When the Paratroopers’ snake met the Viper squadron

The IAF’s Viper squadron and the Paratroopers’ Saraph reconnaissance battalion have a special connection, working closely and training together

Date: 12/03/2012, 5:40 PM     Author: Shir Aharon Baram, IAF website

The Paratrooper Brigade’s reconnaissance battalion is designed to be the tip of the spear of the “red brigade”. They strengthen the reconnaissance and surveillance capabilities, specialize in anti-tank warfare, and assist in mine detection and to engage in complex strike plans. Hence the name “Saraph” [Israeli Mole Viper], one of Israel’s most dangerous venomous snakes – which is why it is fitting that the battalion works in close cooperation with the IAF’s Viper squadron of attack helicopters.

“We forged a deep cooperation with the Paratroop Brigade’s reconnaissance battalion. The familiarity with the fighters very much assists our work with them,” said Lt. Col. N., commander of the first attack helicopters squadron. “We recently had a special training – we staged ambushes. Two weeks later I did a flight exercise there and it made it much easier for me that I had a deeper, closer knowledge of the area.” The ambushes were prepared without the knowledge of the Viper pilots, one day they received the order to change into work uniforms, to sign on for a weapon and travel into the field. “It was an extraordinary experience,” they said later that night.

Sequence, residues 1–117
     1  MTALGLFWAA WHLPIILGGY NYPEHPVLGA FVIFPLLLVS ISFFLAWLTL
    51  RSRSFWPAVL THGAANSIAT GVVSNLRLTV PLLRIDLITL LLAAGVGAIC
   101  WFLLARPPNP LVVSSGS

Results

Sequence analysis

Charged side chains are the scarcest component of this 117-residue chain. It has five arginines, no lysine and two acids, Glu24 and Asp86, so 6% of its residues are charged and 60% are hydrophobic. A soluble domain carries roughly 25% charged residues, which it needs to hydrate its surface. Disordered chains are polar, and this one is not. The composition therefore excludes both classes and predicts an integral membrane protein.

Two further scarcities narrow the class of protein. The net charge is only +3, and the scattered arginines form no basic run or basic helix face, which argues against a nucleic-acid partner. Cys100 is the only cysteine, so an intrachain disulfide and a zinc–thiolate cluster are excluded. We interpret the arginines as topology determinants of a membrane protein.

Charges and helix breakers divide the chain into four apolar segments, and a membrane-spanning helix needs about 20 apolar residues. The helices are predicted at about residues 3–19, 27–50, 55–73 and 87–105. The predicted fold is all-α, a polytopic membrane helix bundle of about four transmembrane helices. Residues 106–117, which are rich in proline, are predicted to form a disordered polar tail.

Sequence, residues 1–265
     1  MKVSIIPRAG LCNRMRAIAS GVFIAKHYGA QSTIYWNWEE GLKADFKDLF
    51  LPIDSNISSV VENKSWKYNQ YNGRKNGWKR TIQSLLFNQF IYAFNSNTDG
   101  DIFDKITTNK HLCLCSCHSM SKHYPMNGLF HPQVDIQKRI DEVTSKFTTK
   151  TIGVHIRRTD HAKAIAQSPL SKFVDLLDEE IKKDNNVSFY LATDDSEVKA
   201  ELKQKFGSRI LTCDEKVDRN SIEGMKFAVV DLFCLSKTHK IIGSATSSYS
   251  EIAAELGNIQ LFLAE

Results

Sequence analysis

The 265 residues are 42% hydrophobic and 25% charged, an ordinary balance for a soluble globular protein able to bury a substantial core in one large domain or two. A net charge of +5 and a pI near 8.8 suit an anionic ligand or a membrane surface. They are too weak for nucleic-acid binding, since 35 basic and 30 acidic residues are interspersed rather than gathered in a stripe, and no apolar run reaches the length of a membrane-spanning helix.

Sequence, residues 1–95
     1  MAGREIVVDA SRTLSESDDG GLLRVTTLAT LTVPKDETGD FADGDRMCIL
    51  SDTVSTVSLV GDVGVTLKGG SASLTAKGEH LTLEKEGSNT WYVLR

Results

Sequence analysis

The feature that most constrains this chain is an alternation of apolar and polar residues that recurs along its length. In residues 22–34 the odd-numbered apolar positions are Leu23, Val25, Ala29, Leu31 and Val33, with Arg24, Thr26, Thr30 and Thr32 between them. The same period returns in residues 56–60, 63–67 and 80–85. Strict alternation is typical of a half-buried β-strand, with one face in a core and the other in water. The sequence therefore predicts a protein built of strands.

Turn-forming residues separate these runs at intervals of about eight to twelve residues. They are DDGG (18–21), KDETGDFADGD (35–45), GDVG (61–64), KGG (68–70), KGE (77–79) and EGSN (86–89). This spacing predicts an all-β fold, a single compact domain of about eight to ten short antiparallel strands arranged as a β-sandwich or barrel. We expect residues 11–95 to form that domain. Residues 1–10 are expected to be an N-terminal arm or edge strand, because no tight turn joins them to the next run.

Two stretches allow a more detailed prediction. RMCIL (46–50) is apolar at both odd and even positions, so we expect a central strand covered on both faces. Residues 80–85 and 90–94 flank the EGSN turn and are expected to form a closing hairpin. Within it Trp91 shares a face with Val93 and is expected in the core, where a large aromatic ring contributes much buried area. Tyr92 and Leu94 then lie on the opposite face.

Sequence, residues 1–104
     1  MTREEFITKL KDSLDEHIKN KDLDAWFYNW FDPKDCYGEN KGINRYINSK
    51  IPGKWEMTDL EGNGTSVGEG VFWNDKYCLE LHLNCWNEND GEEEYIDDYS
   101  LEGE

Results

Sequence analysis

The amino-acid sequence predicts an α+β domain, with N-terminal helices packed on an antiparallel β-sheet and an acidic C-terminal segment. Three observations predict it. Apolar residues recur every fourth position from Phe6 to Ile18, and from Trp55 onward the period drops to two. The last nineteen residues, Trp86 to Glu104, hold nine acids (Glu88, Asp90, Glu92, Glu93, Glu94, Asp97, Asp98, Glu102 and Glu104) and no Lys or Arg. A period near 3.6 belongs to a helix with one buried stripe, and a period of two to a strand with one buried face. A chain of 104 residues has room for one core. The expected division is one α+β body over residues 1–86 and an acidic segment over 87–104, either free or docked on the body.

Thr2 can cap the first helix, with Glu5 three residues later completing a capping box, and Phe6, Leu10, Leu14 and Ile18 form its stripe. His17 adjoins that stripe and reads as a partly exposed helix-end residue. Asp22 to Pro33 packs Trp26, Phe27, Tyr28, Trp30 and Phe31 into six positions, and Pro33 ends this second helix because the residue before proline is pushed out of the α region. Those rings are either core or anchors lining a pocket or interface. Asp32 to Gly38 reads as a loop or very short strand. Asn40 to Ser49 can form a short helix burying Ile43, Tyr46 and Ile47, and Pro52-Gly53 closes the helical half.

In combat, attack helicopters are often mobilized in order to provide aerial support for ground forces, hence the cooperative framework between the reconnaissance battalion and the helicopter squadron. They conduct training exercises together in which the Paratroopers direct the Viper attack helicopters. “We operate joint training exercises and debrief them together afterwards, thus learning from each other,” explained Cpt. Amit, the squadron’s cooperation officer. “In addition to the professional content, we develop great relations with the guys from the battalion,” he said with a smile, “we do fitness and endurance training, and even play some soccer.”